The Liberating Vocation of Scholarship? A Hard Case
This lecture will argue that rigorous academic work is informed by an openness to new discoveries, an unlimited responsiveness to evidence, and a commitment to the truth. These principles are the foundation of scholarship’s intrinsic challenge to power, and to the status quo. Balanced against these principles, however, are two worldly circumstances that limit or compromise them: the continual struggle for dominance among scholars, and the personal political and ethical commitments of individual scholars. How does this tension affect the practice of scholarship? And what is the right relationship between scholarly freedom and the various struggles for freedom in a difficult and dangerous world? The lecture will explore these questions and others in the context of the battle against apartheid in 1980s South Africa.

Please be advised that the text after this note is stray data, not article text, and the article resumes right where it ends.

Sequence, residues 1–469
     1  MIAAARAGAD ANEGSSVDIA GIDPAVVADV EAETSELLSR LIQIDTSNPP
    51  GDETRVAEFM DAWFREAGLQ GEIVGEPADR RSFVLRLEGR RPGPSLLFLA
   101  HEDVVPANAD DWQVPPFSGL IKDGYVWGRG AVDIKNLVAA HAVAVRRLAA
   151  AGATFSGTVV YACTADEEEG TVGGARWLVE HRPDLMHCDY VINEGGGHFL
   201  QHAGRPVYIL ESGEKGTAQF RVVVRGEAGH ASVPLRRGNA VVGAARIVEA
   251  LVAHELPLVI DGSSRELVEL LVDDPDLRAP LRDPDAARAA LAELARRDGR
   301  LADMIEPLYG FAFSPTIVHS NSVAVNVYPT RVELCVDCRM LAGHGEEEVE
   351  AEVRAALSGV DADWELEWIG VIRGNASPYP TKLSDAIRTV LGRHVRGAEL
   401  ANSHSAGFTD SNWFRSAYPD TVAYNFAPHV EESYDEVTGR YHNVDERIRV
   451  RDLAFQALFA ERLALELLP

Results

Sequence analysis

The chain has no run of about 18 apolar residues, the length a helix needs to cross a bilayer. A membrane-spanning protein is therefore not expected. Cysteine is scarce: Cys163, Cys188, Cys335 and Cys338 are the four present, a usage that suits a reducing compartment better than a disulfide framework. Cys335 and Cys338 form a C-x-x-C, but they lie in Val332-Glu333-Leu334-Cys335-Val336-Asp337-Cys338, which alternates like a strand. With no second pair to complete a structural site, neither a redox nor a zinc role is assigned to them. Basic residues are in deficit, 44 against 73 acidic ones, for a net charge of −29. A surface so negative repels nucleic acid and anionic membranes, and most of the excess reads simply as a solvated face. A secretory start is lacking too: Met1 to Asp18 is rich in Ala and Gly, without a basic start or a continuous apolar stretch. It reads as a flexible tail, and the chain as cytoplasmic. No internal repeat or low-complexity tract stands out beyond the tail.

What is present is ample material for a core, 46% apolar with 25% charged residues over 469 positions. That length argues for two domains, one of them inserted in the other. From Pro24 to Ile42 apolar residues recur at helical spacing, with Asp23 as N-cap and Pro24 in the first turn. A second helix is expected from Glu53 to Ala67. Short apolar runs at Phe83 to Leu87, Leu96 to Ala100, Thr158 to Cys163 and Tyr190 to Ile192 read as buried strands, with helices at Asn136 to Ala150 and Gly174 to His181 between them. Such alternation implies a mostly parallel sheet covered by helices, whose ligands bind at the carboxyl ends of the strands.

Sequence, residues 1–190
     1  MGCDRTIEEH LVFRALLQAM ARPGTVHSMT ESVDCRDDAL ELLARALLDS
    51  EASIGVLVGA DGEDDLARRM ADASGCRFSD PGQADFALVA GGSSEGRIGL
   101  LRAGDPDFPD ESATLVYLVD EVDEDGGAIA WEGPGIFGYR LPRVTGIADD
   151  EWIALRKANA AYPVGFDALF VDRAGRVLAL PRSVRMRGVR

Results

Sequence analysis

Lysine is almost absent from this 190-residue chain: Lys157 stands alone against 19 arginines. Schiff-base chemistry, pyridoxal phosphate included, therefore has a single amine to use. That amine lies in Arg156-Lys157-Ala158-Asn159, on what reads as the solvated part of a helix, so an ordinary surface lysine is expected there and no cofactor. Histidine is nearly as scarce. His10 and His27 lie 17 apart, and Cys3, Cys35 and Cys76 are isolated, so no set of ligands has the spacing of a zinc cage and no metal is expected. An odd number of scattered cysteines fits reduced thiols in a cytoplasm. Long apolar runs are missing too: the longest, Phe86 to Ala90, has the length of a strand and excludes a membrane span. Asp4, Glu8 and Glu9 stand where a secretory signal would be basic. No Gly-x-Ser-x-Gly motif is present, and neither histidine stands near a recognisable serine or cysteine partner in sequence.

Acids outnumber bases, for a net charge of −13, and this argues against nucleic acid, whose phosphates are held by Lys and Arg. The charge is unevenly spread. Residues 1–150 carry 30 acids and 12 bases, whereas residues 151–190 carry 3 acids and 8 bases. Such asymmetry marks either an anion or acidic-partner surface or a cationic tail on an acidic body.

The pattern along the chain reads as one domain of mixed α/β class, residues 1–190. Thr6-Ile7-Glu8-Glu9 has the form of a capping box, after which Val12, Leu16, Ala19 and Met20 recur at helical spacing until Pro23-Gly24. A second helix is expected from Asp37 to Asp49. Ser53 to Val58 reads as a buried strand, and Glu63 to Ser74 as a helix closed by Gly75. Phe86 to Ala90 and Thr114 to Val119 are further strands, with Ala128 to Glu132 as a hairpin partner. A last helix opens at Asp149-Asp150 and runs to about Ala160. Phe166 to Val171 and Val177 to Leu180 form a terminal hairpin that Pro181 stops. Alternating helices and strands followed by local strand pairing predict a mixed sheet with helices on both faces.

Geoffrey Galt Harpham was president of the National Humanities Center from 2003-15 and taught at the University of Pennsylvania, Tulane, and Duke. He has written thirteen books and over one hundred scholarly essays and articles. His most recent books include Scholarship and Freedom (Harvard University Press, 2020) and Citizenship on Catfish Row: Race and Nation in American Popular Entertainment (University of South Carolina Press, 2022).
Geoffrey Harpham, Scholarship and Freedom (Harvard University Press, 2020)
WCHP Lecture Hall in Parker Pavilion
716 Stevens Avenue
Portland, ME 04103